Unfortunately, I don’t these headwinds are abating any time soon. As I noted in my last post, MHK has gotten a massive margin uplift from a decline in raw materials. That’s starting to normalize.

Here’s the trend on LTM EBITDA margins over time.

MHK Margins_dec2018

Contrarian investors might say, “well, what if it snaps back? Then the stock is cheap”. That may be true, but I doubt it. The street is currently expecting 17% EBITDA margins for next year and 18.5% the following year. So essentially they are expecting a snap back. As such, I think the company is trading more at around 8.0x+ 2020 EBITDA, instead of 7.3x it would suggest.

Are the forgetting before the commodity collapse, Mohawk had ~13-14% EBITDA margins??

MHK Margins

I think the stock is still too expensive considering these expected headwinds. More importantly, I think sentiment has room to fall, which we all know can be a larger driver of stock performance.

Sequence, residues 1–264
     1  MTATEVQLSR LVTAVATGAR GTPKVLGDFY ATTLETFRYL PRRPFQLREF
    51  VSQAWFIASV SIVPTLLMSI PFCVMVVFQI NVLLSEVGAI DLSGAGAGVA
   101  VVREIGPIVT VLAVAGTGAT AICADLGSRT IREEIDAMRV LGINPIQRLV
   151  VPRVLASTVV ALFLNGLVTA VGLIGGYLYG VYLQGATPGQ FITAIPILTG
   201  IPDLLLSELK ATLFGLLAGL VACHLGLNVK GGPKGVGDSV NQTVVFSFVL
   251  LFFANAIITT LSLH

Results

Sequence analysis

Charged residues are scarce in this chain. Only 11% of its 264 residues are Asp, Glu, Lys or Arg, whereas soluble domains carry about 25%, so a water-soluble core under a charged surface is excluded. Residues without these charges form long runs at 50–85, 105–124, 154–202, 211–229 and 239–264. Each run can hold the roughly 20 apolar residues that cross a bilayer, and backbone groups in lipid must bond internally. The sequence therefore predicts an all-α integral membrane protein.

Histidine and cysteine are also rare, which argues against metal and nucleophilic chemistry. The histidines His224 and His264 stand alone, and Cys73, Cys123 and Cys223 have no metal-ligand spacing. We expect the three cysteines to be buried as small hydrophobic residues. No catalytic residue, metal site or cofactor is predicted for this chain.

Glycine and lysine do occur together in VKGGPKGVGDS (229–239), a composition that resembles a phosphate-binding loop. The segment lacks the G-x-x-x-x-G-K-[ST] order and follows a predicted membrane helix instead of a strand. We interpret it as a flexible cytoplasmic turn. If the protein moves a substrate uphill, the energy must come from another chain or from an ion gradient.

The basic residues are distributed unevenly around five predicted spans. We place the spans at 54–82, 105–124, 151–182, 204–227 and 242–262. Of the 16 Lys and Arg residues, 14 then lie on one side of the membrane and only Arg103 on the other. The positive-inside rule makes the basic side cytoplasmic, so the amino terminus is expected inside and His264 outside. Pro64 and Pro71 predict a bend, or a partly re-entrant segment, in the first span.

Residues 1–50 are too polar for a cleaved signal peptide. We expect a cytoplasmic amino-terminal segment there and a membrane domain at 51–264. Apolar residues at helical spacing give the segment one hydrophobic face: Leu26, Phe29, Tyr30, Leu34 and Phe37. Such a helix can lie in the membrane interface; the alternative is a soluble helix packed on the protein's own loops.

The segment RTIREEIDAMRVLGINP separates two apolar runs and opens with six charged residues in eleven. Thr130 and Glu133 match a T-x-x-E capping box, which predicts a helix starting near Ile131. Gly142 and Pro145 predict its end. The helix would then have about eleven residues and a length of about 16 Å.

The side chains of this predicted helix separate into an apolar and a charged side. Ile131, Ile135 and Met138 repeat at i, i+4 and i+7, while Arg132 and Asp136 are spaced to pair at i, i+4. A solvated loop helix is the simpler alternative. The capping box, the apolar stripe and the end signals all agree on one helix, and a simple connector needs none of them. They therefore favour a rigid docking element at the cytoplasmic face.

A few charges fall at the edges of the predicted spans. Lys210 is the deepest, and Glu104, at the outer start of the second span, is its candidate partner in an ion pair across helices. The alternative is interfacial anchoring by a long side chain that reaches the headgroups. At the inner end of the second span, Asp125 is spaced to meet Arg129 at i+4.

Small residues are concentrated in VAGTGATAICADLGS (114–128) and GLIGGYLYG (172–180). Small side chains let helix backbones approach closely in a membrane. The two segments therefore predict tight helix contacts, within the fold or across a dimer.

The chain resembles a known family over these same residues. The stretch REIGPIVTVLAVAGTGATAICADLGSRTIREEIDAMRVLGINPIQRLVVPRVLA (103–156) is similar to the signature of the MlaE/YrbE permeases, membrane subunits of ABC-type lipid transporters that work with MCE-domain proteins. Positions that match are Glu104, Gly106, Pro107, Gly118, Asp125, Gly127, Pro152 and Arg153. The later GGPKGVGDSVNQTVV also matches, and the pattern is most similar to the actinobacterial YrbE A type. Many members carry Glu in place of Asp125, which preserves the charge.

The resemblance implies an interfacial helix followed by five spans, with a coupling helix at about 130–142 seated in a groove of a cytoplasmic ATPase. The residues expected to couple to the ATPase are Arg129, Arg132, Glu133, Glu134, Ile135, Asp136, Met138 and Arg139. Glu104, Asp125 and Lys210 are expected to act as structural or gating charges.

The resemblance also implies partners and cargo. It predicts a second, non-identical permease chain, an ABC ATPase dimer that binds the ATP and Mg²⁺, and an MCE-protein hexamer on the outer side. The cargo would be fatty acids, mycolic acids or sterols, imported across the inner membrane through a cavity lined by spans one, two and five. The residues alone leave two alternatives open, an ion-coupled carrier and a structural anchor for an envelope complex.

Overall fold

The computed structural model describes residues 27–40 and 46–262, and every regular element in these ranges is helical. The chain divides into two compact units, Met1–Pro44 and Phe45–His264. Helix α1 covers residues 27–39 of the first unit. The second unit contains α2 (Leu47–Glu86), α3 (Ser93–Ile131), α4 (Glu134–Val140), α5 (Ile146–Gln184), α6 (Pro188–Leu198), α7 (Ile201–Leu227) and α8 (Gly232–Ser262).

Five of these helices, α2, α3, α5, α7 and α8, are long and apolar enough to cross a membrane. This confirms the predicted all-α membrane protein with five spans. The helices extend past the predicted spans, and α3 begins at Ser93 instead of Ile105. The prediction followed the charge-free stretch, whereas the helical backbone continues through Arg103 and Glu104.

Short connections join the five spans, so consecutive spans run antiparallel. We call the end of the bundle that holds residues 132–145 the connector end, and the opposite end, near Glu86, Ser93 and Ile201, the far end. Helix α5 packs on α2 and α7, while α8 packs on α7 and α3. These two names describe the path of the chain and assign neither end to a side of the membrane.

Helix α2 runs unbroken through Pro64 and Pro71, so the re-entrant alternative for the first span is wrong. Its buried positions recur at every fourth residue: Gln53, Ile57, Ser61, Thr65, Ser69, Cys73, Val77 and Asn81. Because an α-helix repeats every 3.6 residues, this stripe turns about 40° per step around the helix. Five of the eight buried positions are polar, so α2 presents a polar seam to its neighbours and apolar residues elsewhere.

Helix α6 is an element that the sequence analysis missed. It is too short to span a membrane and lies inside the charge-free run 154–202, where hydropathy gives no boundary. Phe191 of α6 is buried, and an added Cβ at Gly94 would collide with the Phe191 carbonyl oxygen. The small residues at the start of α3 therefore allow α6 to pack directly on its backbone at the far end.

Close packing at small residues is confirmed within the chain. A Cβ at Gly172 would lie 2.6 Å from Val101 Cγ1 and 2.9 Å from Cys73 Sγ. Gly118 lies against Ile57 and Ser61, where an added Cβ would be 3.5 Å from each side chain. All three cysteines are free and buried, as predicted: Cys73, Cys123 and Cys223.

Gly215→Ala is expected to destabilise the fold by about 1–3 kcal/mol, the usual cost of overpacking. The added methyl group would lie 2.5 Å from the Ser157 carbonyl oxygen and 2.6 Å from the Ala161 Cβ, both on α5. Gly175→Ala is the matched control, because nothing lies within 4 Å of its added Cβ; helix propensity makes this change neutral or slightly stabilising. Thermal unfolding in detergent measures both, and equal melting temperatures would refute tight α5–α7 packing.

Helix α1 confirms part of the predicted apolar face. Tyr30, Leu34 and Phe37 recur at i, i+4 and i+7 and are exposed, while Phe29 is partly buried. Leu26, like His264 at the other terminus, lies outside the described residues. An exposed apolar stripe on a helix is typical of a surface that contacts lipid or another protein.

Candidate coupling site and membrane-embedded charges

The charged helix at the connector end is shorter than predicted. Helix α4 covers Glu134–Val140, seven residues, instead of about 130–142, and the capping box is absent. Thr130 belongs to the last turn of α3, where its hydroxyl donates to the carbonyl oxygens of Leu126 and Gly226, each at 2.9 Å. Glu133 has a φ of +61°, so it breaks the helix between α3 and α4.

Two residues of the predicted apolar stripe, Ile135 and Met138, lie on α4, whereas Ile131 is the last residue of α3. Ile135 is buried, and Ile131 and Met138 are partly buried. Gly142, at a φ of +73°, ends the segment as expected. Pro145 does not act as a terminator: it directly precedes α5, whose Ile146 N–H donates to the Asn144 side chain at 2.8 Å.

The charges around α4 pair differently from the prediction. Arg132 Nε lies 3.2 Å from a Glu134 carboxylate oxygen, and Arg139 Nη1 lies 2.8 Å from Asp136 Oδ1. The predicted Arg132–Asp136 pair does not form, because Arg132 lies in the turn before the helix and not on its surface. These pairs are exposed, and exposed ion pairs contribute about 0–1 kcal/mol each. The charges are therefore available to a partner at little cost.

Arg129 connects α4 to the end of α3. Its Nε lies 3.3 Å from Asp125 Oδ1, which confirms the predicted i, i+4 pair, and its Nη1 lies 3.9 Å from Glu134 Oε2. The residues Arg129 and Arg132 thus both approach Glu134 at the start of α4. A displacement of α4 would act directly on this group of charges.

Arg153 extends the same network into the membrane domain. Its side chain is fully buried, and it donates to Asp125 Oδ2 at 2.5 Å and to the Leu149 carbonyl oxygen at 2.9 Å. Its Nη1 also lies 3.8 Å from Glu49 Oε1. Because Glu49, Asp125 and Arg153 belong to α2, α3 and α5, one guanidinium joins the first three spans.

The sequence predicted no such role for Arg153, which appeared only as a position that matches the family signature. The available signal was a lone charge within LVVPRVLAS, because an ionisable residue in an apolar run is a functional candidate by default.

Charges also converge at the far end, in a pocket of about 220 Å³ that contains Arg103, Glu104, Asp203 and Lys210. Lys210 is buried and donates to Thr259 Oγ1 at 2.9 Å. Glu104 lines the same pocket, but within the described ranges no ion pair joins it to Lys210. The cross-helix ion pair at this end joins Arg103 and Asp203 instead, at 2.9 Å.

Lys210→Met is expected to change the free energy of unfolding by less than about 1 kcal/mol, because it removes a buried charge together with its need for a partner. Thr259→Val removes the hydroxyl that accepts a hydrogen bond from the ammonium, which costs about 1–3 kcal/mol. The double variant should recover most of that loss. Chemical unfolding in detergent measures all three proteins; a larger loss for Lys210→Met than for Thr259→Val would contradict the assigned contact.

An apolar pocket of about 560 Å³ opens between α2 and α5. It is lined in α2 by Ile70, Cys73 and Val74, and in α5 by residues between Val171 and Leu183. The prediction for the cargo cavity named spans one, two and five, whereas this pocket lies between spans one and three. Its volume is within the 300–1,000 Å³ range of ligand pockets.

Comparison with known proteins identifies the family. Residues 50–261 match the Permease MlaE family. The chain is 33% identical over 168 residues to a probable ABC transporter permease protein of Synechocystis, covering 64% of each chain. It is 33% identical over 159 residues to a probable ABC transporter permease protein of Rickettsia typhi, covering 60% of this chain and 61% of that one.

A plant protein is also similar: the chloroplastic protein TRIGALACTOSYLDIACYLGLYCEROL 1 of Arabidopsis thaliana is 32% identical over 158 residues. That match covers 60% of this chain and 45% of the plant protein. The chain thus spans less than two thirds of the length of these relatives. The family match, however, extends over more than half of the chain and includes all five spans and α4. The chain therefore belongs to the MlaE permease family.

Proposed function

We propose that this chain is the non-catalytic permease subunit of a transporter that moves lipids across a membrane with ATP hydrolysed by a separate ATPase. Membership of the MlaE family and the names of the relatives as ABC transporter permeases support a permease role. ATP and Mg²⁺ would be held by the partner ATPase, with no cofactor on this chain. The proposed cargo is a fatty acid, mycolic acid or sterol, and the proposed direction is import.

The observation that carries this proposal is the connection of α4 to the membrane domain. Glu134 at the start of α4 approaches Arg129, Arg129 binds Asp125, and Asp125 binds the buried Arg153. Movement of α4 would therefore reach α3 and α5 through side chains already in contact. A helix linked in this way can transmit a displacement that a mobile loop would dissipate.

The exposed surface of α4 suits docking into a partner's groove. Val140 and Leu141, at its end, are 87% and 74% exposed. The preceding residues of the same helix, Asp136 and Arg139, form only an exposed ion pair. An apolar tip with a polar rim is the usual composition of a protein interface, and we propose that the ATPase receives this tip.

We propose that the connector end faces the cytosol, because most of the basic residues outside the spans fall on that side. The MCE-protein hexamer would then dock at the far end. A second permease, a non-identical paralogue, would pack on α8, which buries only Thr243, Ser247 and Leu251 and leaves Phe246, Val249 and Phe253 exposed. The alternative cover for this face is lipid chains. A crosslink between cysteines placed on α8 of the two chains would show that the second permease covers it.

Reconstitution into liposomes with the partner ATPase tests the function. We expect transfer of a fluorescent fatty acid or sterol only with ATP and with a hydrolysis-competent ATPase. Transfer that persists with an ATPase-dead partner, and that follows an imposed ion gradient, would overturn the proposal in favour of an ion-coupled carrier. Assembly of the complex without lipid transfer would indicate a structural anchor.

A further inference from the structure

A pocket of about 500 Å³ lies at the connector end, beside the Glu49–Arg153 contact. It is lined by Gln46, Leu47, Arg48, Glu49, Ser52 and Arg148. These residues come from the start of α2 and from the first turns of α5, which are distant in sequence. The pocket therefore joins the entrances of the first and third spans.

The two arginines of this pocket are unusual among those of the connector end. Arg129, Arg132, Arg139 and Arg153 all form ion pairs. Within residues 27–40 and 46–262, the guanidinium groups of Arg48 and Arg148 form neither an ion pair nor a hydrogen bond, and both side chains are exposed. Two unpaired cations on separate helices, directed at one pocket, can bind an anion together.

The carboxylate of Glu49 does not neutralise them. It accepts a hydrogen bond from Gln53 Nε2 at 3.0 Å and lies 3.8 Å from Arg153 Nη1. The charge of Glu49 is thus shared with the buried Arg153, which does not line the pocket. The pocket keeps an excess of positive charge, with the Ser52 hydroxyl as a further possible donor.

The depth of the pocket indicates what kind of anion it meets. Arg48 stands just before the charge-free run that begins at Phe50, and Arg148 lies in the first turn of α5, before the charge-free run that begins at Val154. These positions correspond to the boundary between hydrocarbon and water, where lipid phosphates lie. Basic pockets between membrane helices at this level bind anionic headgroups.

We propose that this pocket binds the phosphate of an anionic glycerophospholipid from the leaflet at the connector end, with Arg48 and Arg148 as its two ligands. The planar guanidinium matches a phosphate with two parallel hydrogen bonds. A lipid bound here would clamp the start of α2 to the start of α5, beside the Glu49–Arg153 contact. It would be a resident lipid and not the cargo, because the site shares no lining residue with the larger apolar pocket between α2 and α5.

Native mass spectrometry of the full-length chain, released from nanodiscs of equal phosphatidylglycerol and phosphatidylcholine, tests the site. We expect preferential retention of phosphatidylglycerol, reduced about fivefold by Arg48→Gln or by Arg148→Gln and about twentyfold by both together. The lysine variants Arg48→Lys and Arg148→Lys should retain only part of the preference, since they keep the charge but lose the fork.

Overdue Nexeo Q2’18 Recap. Performance remains strong, yet market hasn’t appreciated it yet. Stock warrants, NXEOW, are my top pick for investors with high risk appetite

I’m a little overdue for a recap on Nexeo’s results. The company reported Q2’18 sales growth of 14% and EBITDA growth of 18%. Most of the growth was in its Chemicals segment, which showed top line growth of 17.5% (though 4.8% of that was from the Ultrachem acquisition) mainly due to higher prices. Plastics was also up 9.6% due to 14% price growth offset by 4% volume decline.

This was a really solid result and if you think about the balance of the year, the performance should continue. The company distributes chemicals and plastics, which in some sense are oil-linked derivatives. Since oil is up considerably year over year, the pricing gains should continue. Importantly, the company benefits most from this inflationary environment, as they buy inventory at a lower price and sell at a higher one.